If you are still into this, the Portrait mode creates a nice bokeh effect with a decent subject separation. The macro camera, more often than not, tries to capture detailed and colourful pictures. You get to adjust the brightness levels. But, it still needs some more work to match up with the Xiaomi Note 10 Pro Max’s macro lens that gives some amazing shots.
The 20-megapixel selfie snapper is pretty good though. The photos taken are detailed and try to be near the natural colour space. These are the results that would certainly be selected when you are choosing an image for your Instagram, at least I would!
As for the videos, the phone can record in 4K at 30fps. The output is bright and detailed. You can use the ultra-wide lens and up to 10X zoom, which will result in compromised details, though. The lack of OIS makes the output shaky, more so when you are recording a video in a moving car.
Performance, Battery, OS
The phone gets a Qualcomm Snapdragon 750G chip, which is found in the Xiaomi Mi 10i and the Motorola Moto G 5G, both of which have been decent performers. Hence, I was expecting the same with the Samsung phone. And, this was proven. My usage, which involved some calling, messaging, watching videos, clicking photos, playing games, and looking for numerous answers on the web, is well managed. The phone allows for a smooth ride. But, there are minor speed breakers during the journey that make the phone stutter a bit.
Gaming was decent too. I tried my hands at a variety of games this time. From light games like Brain Test, Bubble Shooter and Who Is? To Call of Duty: Mobile (at high graphics and high frame rate), the phone ensures decent gameplay without taking a toll on the battery life. For CoD, there wasn’t any heating either or any significant battery drop.
There is a 5,000mAh battery, which is big enough for a day’s usage. This can be easily increased to a day and a half if your usage scale drops a bit. But, here’s another compromise! Samsung has added a 15W fast charging, which requires an hour and 45 minutes for the phone to fully charge. This is clearly not fast enough when compared to phones by rivals like Xiaomi and Realme that are continuing to excel in the department.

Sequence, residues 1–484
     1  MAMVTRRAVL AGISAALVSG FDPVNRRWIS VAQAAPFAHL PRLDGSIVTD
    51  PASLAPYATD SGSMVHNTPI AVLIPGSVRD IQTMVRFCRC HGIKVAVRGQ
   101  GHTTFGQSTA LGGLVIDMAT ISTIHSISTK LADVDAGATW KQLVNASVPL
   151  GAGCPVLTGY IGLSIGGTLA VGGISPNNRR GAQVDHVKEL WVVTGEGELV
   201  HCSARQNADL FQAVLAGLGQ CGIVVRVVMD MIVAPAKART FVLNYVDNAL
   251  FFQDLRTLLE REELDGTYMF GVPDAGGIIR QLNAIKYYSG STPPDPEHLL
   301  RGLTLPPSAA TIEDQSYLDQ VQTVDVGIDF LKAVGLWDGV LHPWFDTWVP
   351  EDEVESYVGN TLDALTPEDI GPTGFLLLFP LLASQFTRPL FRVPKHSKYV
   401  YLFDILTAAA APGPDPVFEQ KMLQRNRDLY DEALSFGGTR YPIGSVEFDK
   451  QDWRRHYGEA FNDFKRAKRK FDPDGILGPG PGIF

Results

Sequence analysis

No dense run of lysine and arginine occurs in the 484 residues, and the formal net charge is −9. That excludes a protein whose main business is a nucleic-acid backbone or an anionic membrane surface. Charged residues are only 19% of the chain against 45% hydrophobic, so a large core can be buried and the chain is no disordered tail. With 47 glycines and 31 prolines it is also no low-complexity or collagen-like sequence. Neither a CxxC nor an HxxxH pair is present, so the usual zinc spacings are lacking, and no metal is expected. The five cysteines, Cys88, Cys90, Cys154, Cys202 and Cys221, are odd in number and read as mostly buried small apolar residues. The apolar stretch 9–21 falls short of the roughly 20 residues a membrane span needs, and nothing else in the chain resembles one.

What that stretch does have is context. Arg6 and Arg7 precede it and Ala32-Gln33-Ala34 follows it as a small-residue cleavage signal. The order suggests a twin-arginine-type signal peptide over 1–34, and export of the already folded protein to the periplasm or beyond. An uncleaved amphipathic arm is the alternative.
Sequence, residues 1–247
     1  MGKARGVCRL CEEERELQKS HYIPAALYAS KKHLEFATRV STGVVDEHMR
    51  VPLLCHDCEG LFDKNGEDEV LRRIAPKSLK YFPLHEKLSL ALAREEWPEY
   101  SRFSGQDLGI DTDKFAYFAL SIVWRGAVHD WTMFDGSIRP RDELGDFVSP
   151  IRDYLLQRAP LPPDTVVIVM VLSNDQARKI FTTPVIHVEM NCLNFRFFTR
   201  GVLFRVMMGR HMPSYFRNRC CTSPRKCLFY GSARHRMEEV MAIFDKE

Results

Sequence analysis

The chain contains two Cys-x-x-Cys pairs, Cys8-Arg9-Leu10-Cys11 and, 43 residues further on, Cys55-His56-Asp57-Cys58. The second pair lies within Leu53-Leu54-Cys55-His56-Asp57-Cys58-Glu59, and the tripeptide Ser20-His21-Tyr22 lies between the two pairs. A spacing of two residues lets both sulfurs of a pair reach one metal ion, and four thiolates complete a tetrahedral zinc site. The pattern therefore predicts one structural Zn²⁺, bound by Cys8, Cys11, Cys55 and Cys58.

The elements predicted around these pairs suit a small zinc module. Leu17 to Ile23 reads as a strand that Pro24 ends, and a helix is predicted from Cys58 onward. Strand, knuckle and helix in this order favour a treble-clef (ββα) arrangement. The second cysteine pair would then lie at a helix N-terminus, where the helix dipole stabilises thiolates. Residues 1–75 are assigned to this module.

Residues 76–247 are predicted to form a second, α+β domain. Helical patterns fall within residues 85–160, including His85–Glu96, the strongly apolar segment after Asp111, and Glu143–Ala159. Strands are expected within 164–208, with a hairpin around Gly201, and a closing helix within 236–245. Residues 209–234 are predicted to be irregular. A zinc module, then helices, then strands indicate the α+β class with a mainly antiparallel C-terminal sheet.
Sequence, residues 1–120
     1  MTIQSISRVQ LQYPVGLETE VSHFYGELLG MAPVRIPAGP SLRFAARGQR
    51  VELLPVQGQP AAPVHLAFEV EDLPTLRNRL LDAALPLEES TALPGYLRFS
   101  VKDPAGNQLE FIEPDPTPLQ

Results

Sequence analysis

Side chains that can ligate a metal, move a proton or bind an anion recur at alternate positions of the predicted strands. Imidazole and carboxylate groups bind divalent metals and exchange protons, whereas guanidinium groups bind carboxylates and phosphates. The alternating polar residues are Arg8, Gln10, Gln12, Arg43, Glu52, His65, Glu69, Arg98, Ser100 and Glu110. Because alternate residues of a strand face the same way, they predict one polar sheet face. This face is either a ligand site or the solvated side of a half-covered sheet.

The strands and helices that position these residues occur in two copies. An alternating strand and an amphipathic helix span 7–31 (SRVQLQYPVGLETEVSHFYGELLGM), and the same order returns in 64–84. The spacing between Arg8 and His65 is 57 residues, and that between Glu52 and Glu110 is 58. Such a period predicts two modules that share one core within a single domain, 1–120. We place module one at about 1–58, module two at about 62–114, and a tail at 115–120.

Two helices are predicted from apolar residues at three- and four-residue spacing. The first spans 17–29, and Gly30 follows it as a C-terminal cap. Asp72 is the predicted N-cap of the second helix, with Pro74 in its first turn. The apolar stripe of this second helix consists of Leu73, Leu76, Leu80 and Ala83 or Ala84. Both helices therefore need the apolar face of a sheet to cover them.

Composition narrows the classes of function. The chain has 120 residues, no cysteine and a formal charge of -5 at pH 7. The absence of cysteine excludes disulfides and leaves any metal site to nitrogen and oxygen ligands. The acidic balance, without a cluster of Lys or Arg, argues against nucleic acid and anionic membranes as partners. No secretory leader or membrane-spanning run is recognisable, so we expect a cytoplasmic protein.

Samsung One UI 3.1 based on Android 11 has been neat and clean without much difficulty. But, the OS feels quite bloated, thanks to a number of pre-installed apps that I haven’t witnessed during my previous Samsung experiences. You get a number of Indian short video sharing apps, gaming apps, and more in addition to the Samsung apps. While the existing presence of Netflix and Facebook feels right, I moved most of the other apps to the ‘uninstall’ list. That said, this is always subjective and for those who need apps like Josh, Candy Crush Saga on their devices, it shan’t be a problem.
Among others, the audio quality is decent but the presence of a single speaker limits the audio output in terms of volume levels.
The Samsung Galaxy M42 is yet another affordable 5G phone that further hypes the 5G trend up. This phone is a decent enough option that brings along good cameras, performance and looks. However, besides the promise of the future, it is more humdrum than phones like the Xiaomi Redmi Note 10 Pro Max, Realme 8 5G, and even Xiaomi Mi 10i.
The delivery of the Samsung-standard display and much faster charging would have added some life to the phone. With the competition reaching new heights, Samsung needs to devise a way of standing out. Maybe, try introducing features like water resistance or more that aren’t currently found in budget phones!
The phone is good but if you are looking to spend somewhere around Rs 20,000, there are fancier options on the menu.